If you carry a balance on your revolving credit account, then you may have the option to make a minimum payment, pay off the balance in full, or pay something in between. Your available credit is your credit limit minus your current balance and any pending charges. For example, if you have a $1,000 credit card limit but an $800 balance, you have $200 left to spend. But if you pay the $800 in full on or before your payment due date, you may be able to spend up to the full $1,000 credit card limit once again.

4. What is a credit card balance transfer?

A balance transfer is a way to transfer a balance from one credit card to another credit card. You may be able to transfer multiple credit card balances to one credit card, provided you don't exceed the available credit on the consolidating card. This may help make repayment more convenient. To learn more about balance transfers, read How to Know When a Balance Transfer Could Be a Smart Move.

Credit card issuers occasionally offer low, but temporary, balance transfer interest rates. Read the offer terms carefully before you agree or apply. Not all applicants will get approved for the same interest rates. Just like personal loan lenders, credit card issuers offer the most favorable balance transfer terms to the strongest applicants.

5. What are the similarities and differences between personal loans and balance transfers?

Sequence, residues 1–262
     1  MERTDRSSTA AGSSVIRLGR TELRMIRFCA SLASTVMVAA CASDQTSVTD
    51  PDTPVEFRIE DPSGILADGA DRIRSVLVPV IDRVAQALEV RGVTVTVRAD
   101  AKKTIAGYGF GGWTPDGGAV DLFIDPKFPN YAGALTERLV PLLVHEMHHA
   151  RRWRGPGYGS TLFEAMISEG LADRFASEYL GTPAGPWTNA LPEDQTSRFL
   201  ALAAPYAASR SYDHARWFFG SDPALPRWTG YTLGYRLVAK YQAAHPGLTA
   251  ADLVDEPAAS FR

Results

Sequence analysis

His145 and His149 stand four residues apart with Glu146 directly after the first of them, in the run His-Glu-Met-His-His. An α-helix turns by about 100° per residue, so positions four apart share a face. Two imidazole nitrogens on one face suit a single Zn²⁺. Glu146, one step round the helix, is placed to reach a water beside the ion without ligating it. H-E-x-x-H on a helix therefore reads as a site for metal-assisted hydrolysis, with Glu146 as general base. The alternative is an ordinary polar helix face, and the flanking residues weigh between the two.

Personal loans and balance transfers offer ways to consolidate a wide variety of debts, making repayment more convenient and efficient. In both cases, a borrower with a strong application could potentially save money on interest charges. But although personal loans and balance transfers are somewhat similar, specific terms make personal loans and balance transfers quite different.

For example, a personal loan can be secured with an asset such as a house or a car, while a balance transfer is unsecured credit card debt. A personal loan also lasts for a fixed period of time, such as 3, 5, or 7 years. Once you repay a personal loan, the lender closes the account. On the other hand, a credit card balance transfer is revolving debt. Even after repaying the balance in full, the credit card account stays open.

What kind of terms you qualify for depend on whether or not you want a fixed or open-ended term, your creditworthiness, ability to repay, and whether or not you are willing to put up collateral. Before you apply for a personal loan or a balance transfer offer, research the details with the lender or credit card issuer. Origination fees, interest rates, and length of loan are some of the things you may want to consider when evaluating your options. By taking your personal circumstances and the specific terms of the loans you're considering into account, you'll be in a position to make a wise choice.